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Election Integrity Expert Warns of Serious Consequences with 'Blatantly Unconstitutional' HR 1

AP Photo/Lynne Sladky

On Thursday, Honest Elections Project released a report highlighting "H.R. 1’s Impacts on Election Safeguards and Voting Practices." Townhall spoke to Jason Snead, the executive director of HEP, about the report and about election reform in this country.


The report's introduction warns of "a credibility crisis," also discussing how "Restoring public trust in elections should be top of mind for lawmakers and public officials." On HR 1, the "For the People Act," the report reads:

Progressive officials, meanwhile, are charging in the opposite direction. Earlier this year, the U.S. House of Representatives passed H.R. 1, the “For the People Act,” and now the Senate is considering its version of the bill. The legislation constitutes an unprecedented attempt by the federal government to rewrite election laws in all 50 states. The policies contained in its 800 pages would violate the principles of federalism, weaken election security laws, force states to make sweeping changes to elections, and expose the voting process to unnecessary risks of fraud, chaos, and litigation.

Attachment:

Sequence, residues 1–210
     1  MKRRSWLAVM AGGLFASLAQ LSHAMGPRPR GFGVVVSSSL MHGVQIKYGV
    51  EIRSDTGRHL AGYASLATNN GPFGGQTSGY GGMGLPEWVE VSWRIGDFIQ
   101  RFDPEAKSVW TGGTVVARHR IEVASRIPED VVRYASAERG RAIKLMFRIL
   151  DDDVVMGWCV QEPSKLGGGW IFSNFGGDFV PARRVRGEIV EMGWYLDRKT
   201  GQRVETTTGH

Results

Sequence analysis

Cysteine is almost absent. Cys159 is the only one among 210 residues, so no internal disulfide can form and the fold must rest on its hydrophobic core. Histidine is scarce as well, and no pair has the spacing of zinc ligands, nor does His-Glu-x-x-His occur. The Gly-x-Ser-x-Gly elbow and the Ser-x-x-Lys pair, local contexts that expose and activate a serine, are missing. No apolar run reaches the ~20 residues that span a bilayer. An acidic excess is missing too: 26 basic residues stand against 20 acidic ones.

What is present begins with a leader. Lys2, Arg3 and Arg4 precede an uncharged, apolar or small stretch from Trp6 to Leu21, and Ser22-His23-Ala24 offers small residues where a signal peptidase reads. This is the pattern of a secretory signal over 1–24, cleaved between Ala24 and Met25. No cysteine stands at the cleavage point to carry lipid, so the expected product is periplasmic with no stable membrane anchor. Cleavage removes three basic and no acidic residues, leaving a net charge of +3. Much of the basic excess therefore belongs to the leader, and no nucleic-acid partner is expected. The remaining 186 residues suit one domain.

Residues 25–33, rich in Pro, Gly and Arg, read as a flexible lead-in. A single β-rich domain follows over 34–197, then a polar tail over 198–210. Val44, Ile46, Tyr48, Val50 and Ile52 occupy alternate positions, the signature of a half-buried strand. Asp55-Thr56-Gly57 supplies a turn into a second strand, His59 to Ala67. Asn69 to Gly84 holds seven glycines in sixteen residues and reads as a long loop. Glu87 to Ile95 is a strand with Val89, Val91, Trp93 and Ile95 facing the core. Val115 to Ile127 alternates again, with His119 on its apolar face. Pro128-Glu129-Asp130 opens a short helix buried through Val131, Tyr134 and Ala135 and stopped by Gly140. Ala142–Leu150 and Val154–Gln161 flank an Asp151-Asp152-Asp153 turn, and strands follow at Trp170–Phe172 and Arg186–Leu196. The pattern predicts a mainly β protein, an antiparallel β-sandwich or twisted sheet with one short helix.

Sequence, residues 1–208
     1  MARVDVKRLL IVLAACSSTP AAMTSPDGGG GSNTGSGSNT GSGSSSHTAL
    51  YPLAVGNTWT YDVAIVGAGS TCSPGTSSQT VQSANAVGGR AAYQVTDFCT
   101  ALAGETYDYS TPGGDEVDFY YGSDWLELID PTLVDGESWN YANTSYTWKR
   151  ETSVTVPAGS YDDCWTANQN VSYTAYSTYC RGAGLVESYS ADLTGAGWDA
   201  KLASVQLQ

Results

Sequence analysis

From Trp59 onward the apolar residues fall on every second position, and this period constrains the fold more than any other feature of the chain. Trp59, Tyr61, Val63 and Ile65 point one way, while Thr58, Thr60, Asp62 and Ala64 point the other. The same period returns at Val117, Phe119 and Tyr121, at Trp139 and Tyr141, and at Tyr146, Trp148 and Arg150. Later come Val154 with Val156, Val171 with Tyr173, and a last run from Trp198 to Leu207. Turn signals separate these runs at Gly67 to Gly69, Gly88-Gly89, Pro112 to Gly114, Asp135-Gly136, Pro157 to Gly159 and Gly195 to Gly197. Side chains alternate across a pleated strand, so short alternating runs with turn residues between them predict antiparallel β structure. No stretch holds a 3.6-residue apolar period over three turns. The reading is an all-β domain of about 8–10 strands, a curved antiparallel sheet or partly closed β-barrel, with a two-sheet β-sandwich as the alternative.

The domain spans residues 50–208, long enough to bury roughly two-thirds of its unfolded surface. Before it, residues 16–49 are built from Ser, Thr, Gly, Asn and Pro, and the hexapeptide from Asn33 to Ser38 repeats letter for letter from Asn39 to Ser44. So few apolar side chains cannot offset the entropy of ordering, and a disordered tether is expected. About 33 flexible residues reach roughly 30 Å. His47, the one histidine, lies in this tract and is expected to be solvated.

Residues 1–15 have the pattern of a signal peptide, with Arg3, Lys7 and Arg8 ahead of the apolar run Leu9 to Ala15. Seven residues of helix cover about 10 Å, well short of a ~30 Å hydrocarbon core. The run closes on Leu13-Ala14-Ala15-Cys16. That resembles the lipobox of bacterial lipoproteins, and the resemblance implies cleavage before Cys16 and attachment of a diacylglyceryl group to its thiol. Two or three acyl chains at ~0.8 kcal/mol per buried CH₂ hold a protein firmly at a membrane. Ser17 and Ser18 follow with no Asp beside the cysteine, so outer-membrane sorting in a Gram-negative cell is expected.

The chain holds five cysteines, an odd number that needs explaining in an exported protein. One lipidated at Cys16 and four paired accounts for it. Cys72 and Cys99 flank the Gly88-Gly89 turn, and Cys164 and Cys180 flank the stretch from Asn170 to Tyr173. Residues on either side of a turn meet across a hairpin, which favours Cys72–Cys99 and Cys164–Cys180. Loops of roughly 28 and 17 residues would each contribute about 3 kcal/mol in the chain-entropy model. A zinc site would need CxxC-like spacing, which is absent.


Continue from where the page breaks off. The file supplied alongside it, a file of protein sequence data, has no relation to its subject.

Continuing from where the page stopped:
The report also lays out an overview of what election laws would be impacted:

  •  Banning Voter ID: 36 states have adopted a voter identification requirement.3 H.R. 1 prohibits states from applying these laws
  • Mandating Legal Vote Trafficking: 24 states either limit or ban operatives, campaigns, candidates, and activists from interacting with voters as they cast an absentee ballot or taking unsupervised possession of their voted ballots. H.R. 1 would remove these restrictions
  • Weakening Absentee Voter Verifications: 12 states require that absentee ballots be signed by a witness, or that voters comply with an ID requirement when they vote absentee. Both practices are prohibited by the bill. 
  • Voter List Maintenance: H.R. 1 adds additional hurdles to state efforts to keep voter rolls accurate, hindering cleanup efforts and allowing records to become inflated with outdated registrations.

The report throughout emphasized the pressing concerns with the legislation, including how voters would "see their election systems upended." Snead went into greater detail over our phone call, to discuss HR 1, and also to address the blatant lies being told over the recent Georgia election reform law, which have "nothing to do with the facts."